Nakai,60 2003 12 IBS vs 12 HC PET Resting-state - 5-HT Synthesis 5-HT synthesis was greater in female in the R MTG (multimodal sensory association cortex) compared with the female HC.
Naliboff,65 2006 20 IBS vs 14 HC PET Resting-state and rectal distentions exam IBS, during repeated trials of rectal distention, showed a stable activation of the central pain matrix but a gradually decreasing activation in limbic, paralimbic, and pontine regions; during the anticipation condition, there were significant decreases in amygdala, dorsal ACC, and DBS activation.
Berman,63 2012 11 IBS vs 11 HC PET Auditory oddball vigilance task + double-blind ingestion of the α2AR antagonist YOH, agonist CLO or PLA IBS showed higher plasma NE levels than HCs before and after ingestion of all drugs. IBS patients appeared downregulated the for functional presynaptic α2AR and showed less YOH-mediated reduction of activity in a central arousal circuit in brainstem and amygdala, which inversely correlated with early life trauma.
Niddam,12 2011 15 IBS vs 15 HC qMRS Resting-state IBS showed reduced levels of Glx in hippocampus.
Bednarska,11 2019 30 IBS vs 21 HC, female only qMRS Resting-state IBS showed lower concentrations of Glx in L and R aINS; no group differences for GABA1 concentrations. In IBS, lower R-lateralized Glx concentrations correlated with longer pain duration; lower Glx in L aINS correlated with ess frequent use of adaptive pain-coping.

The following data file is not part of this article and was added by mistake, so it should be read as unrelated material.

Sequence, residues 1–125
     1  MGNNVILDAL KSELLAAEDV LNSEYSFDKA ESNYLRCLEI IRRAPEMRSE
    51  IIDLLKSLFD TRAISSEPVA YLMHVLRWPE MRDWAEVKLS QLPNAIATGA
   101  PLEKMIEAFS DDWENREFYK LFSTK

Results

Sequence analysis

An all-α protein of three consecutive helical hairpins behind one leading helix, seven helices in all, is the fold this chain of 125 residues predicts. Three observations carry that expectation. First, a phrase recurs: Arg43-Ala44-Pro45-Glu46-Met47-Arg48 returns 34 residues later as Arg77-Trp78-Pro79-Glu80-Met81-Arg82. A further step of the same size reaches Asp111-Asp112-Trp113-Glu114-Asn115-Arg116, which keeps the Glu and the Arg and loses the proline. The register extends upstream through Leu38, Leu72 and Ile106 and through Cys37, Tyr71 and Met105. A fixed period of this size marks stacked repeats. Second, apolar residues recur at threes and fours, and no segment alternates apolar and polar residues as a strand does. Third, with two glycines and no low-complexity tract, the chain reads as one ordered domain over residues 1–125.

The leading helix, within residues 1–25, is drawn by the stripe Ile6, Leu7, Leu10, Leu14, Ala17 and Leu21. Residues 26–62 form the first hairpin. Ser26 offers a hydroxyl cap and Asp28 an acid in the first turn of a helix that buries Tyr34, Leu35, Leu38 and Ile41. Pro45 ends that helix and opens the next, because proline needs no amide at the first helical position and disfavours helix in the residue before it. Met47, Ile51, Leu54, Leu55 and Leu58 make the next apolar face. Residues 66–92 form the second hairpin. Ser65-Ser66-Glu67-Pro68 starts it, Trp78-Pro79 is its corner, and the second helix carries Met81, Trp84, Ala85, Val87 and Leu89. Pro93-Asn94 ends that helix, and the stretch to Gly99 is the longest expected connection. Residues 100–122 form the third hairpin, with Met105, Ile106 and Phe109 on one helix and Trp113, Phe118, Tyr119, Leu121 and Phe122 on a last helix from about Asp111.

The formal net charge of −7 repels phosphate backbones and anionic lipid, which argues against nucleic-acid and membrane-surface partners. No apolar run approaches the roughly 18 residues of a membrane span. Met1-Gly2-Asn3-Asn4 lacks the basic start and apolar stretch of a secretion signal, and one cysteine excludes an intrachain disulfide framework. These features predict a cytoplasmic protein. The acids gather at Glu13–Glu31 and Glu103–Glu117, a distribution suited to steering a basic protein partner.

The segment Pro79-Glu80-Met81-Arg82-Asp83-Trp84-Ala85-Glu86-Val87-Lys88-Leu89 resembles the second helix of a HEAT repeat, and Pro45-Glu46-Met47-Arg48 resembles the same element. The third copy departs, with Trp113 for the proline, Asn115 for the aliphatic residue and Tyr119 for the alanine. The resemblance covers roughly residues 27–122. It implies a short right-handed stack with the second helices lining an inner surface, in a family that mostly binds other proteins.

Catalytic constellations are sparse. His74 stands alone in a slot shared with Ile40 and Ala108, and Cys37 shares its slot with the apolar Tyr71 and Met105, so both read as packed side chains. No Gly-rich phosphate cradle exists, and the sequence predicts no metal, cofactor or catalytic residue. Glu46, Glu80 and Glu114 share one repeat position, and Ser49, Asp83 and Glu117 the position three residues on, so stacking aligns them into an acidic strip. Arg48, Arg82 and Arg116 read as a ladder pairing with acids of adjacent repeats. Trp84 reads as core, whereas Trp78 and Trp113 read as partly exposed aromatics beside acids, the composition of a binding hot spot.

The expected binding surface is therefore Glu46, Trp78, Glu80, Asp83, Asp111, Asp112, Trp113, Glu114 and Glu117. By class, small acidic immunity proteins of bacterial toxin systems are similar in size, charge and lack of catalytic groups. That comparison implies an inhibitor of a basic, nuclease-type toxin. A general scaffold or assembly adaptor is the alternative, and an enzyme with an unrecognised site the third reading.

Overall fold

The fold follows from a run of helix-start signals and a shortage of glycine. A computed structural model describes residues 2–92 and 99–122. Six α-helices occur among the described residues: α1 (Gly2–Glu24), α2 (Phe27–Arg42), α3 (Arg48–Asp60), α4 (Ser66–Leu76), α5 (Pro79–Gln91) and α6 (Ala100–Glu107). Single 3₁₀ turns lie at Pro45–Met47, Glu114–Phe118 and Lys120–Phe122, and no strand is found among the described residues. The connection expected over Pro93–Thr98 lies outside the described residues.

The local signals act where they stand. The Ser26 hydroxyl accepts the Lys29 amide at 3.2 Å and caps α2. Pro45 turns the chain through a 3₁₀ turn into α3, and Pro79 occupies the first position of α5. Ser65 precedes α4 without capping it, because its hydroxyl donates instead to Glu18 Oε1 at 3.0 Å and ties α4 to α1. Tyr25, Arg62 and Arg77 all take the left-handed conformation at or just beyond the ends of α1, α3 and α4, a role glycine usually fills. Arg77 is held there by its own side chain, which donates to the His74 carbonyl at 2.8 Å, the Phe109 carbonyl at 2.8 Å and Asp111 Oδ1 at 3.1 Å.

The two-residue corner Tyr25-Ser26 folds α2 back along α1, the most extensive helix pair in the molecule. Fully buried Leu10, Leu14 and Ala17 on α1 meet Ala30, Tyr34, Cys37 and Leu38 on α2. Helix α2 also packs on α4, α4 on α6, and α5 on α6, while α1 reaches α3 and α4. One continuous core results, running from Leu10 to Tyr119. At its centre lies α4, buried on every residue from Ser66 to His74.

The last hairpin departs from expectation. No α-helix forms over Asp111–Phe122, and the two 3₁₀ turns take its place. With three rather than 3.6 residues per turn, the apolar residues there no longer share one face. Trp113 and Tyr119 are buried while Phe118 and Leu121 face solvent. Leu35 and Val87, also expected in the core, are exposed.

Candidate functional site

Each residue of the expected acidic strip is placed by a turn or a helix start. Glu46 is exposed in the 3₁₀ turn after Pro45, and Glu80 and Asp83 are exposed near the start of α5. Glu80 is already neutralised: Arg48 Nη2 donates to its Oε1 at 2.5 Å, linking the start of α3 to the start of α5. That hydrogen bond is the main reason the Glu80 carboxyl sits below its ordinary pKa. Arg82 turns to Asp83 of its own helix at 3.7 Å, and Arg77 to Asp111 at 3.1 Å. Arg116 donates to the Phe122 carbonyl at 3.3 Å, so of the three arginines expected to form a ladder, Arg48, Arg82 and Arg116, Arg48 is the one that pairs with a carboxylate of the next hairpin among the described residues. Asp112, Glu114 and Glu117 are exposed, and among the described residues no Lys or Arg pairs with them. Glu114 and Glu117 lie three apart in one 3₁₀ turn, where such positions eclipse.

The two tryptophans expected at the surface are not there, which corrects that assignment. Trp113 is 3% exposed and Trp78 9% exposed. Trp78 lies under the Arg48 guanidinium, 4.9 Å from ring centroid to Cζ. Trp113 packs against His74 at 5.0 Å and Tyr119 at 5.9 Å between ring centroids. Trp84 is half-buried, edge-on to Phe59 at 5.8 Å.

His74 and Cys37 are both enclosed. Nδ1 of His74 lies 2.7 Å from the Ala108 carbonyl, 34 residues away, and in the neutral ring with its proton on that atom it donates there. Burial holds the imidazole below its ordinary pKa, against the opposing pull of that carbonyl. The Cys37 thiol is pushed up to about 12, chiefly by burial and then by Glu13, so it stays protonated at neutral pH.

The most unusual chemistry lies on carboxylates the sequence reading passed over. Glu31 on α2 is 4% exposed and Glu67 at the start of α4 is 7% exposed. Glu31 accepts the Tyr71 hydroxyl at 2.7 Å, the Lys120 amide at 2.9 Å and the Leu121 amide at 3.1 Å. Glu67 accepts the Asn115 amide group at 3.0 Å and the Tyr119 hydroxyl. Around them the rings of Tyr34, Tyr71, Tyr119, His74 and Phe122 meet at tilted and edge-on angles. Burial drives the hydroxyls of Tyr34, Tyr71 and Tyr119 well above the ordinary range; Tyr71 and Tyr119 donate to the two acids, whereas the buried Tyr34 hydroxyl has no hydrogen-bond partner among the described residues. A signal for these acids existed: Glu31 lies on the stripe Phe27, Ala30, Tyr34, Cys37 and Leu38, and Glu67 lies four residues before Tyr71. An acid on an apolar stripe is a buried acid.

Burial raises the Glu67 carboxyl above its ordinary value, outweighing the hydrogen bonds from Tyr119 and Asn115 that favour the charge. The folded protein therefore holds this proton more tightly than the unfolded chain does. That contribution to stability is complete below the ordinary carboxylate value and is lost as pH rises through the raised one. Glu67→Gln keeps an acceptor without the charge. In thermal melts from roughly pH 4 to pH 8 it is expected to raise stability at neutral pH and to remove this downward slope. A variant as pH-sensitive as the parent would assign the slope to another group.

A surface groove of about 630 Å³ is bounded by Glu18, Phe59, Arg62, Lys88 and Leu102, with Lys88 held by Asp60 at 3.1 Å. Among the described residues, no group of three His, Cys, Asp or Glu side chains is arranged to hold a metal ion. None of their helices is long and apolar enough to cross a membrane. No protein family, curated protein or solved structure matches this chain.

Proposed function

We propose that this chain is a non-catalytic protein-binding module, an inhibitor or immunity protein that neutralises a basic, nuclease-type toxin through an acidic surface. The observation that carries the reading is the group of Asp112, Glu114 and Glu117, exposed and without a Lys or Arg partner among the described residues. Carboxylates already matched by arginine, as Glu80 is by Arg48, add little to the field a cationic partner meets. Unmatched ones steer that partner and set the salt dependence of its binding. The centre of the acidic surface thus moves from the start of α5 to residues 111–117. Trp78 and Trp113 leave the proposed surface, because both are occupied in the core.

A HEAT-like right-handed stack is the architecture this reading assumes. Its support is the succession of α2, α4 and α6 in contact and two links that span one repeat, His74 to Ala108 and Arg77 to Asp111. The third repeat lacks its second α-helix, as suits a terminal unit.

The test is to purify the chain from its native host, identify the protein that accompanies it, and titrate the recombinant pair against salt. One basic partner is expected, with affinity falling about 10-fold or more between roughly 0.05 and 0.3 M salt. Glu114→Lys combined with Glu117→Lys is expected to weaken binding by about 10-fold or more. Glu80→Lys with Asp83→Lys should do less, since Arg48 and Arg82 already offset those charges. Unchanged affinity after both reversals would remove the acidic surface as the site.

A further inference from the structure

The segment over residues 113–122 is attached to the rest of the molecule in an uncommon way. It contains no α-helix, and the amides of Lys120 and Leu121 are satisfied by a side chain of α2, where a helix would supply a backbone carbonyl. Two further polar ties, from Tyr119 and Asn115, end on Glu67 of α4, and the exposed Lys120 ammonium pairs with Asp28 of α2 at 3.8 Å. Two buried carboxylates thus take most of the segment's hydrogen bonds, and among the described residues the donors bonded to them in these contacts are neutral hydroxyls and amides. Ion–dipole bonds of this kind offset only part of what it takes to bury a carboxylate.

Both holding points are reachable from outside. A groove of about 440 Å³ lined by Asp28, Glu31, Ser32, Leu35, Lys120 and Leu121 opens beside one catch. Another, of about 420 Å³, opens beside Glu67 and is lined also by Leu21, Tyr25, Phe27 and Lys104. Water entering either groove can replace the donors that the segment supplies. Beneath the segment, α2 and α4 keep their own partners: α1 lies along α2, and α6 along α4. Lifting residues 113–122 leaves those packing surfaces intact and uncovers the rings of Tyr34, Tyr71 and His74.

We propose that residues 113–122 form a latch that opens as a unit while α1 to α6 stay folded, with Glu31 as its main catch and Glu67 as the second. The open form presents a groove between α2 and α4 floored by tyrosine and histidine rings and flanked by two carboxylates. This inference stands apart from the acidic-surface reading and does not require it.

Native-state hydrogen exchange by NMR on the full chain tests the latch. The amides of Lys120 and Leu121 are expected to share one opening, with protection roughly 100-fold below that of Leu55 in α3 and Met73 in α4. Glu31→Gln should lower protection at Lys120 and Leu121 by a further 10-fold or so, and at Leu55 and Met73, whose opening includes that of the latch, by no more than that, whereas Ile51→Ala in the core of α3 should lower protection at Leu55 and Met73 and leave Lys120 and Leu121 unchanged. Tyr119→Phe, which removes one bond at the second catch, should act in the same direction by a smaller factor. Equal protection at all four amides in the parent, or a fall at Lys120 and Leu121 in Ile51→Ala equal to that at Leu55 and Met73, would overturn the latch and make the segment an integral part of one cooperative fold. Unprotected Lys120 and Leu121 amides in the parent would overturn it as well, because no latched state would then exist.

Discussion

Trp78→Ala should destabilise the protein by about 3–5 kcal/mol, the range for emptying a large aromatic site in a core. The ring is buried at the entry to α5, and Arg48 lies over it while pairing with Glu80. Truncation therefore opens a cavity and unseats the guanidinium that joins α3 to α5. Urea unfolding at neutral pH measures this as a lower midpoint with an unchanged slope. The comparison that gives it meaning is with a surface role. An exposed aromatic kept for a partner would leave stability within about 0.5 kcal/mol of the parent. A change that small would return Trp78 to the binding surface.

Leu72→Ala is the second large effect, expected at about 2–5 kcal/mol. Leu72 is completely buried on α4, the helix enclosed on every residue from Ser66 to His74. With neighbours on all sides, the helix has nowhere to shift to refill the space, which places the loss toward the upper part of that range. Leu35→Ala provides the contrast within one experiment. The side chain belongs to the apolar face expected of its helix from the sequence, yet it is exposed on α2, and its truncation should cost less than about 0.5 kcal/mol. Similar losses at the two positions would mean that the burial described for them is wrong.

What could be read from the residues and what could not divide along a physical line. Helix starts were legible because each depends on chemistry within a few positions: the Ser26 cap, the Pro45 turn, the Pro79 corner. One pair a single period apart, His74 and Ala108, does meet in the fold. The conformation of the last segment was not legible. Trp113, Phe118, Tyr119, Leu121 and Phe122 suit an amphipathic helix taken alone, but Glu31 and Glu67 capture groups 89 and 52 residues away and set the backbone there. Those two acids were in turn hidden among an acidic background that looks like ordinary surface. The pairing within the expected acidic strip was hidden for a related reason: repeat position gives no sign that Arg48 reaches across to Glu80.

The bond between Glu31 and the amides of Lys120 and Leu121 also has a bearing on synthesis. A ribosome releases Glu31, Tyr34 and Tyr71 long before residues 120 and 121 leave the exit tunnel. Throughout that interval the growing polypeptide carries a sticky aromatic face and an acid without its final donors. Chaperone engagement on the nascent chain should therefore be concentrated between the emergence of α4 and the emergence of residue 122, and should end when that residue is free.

Icenhour,13 2019 64 IBS vs 32 HC, female only qMRS + fMRI Resting-state IBS and HC showed similar GABA+ and Glx levels in mPFC. Anxiety was positively associated with mPFC GABA+ concentrations in IBS; Glx was unrelated to psychological or gastrointestinal symptoms. IBS with high anxiety showed increased mPFC GABA+ and lower mPFC FC with ACC.

IBS, irritable bowel syndrome; HC, healthy control; fMRI, functional magnetic resonance imaging; INS, insula; S1, primary somatosensory cortex; EAL, early adverse life events; aINS, anterior insula; mPFC, medial prefrontal cortex; pINS, posterior insula; FC, functional connectivity; ReHo, regional homogeneity; ACC, anterior cingulate cortex; PFC, prefrontal cortex; ALFF, amplitude of low-frequency fluctuation; L, left; SFG, superior frontal gyrus; R, right; MFG, middle frontal gyrus; M1, primary motor cortex; MCC, mid-cingulate cortex; DMN, default mode network; PCC, posterior cingulate cortex; SMA, supplementary motor area; IVMHC, interhemispheric voxel-mirrored homotopic connectivity; APOL2, apolipoprotein L2 gene; KRT8, keratin 8 gene; APOA4, apolipoprotein A-IV gene; H-IBS, hypersensitive IBS; N-IBS, normosensitive IBS; STG, superior temporal gyrus; FCD, functional connectivity density; IBS-D, diarrhea-predominant IBS; IBS-C, constipation-predominant IBS; PAG, periaqueductal gray; S2, secondary somatosensory cortex; DBS, dorsal brainstem; VLPFC, ventrolateral prefrontal cortex; CRF, corticotropin-releasing factor; OFC, orbito-frontal cortex; BOLD, blood oxygenation level-dependent; ATD, acute tryptophan depletion; DLPFC, dorsolateral prefrontal cortex; PLA, placebo; GI, gastrointestinal; ACTH, adrenocorticotropic hormone; HRV, heart rate variability; PET, positron emission tomopgraphy; 5-HT, serotonin; MTG, middle temporal gyrus; NE, noradrenergic; α2AR, α2-adrenoreceptor; YOH, yohimbine; CLO, clonidine; Glx, glutamate-glutamine; GABA, gamma-aminobutyric acid; qMRS, quantitative magnetic resonance spectroscopy.

J Neurogastroenterol Motil 2022;28:185~203
© J Neurogastroenterol Motil